In Arizona, the summer seems to last all year; but the reality is that summer vacation really defines how young drivers embrace their new found freedom. Without having to go to school, there is more time to hang out with friends, earn spending money through part-time jobs and to sleep in. Such is the life of a teenager.
With all the good things that come with summer vacation, there are also downsides. Law enforcement agencies call the time of year between Memorial Day and Labor Day the 100 deadliest days of summer. This is likely because the number of younger drivers on the road increases, and they are driving for longer periods of time (because there is no school), even when they may not allowed to do so under Arizona’s graduated driving requirements.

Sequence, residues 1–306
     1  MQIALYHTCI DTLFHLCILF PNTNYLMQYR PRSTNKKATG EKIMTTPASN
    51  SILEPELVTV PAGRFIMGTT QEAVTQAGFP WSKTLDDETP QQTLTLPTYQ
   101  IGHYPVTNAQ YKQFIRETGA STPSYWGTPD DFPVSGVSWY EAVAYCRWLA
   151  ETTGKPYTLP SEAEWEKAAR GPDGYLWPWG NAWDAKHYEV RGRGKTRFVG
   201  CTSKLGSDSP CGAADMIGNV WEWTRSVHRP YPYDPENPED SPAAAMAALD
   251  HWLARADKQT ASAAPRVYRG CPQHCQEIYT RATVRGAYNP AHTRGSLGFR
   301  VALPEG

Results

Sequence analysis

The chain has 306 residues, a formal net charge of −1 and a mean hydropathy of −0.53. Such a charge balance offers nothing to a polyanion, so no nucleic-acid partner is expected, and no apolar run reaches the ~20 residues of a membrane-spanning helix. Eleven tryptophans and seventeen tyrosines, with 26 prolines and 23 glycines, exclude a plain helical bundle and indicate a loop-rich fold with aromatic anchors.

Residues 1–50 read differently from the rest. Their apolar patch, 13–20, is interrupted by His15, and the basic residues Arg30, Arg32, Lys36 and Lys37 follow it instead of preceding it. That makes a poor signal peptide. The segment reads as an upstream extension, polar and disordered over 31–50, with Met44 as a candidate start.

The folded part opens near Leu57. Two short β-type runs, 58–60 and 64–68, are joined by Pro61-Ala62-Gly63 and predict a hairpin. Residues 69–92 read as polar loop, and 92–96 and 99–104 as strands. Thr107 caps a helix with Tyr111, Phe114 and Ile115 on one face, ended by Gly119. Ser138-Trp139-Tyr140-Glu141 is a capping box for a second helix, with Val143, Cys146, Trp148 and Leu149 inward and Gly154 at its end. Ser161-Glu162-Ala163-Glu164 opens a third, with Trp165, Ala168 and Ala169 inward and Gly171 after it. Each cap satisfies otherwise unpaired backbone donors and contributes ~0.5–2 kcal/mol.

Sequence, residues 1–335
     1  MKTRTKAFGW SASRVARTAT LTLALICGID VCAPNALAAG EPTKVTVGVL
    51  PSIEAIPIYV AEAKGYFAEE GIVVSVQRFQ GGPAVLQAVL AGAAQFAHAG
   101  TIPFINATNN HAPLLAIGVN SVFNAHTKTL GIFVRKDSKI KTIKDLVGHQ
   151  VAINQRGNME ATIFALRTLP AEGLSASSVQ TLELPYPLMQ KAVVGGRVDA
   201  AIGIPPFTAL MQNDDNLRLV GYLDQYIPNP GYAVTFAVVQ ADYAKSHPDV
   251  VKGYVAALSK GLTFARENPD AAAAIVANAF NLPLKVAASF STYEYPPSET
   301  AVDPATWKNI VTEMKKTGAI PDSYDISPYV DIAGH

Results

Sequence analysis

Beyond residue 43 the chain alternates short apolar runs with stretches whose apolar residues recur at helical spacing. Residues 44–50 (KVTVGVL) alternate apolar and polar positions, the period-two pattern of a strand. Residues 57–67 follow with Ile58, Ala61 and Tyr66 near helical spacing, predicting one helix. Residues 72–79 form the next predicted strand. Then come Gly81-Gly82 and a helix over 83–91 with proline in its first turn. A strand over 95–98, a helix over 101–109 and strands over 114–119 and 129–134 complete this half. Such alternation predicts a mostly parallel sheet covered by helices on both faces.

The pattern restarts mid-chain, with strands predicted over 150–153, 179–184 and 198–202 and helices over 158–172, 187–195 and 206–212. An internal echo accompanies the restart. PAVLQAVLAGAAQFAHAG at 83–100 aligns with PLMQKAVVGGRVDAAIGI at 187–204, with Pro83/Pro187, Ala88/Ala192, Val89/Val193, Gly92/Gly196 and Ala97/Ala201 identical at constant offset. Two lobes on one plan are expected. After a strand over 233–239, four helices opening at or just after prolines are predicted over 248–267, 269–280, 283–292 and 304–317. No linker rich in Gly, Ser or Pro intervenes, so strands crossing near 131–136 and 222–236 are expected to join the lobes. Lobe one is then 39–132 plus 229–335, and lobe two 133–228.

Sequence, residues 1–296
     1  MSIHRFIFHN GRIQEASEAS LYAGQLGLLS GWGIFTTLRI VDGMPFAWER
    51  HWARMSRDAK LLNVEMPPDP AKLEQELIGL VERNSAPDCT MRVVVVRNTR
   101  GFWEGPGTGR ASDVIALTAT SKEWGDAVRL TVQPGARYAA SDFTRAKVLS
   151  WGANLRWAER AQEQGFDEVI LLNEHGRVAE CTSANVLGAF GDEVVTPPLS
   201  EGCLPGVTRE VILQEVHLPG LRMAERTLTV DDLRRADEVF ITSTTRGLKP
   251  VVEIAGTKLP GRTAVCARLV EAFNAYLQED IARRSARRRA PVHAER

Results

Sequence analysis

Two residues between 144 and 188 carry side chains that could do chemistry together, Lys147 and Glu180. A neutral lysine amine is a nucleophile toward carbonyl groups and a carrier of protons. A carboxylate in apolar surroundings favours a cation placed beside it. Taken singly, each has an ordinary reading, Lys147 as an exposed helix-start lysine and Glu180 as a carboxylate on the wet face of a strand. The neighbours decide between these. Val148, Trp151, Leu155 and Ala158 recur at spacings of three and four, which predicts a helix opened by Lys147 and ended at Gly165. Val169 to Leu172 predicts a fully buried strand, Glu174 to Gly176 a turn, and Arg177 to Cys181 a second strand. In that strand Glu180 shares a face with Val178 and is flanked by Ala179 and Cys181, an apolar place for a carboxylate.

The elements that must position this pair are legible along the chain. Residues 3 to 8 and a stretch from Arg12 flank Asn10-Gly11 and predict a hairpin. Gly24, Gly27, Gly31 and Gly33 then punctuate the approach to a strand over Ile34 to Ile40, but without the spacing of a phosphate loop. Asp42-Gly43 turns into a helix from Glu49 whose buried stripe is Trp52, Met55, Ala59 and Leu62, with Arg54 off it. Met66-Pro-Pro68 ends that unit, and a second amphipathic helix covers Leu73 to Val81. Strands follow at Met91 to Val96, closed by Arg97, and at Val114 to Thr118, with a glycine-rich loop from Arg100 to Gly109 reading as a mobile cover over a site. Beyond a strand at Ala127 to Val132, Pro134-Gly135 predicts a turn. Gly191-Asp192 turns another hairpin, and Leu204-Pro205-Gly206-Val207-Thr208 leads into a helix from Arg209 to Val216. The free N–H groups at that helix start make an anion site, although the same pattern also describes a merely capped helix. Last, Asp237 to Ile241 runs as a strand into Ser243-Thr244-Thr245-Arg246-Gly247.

With these dangers, it is important for parents and their teen drivers (as well as college aged drivers) to have continuing conversations about the dangers that face them every time they get behind the wheel; especially given their propensity to drive about the speed limit, to text and drive and to experiment with alcohol and illegal drugs.
Indeed, the potential life-changing injuries should be enough to change a person’s driving (and living) habits; but it is also common for young people to have a certain air of indestructibility and may not understand that they could be involved in a crash. As such, having frank conversations about the responsibilities of using reasonable care while driving can save a life.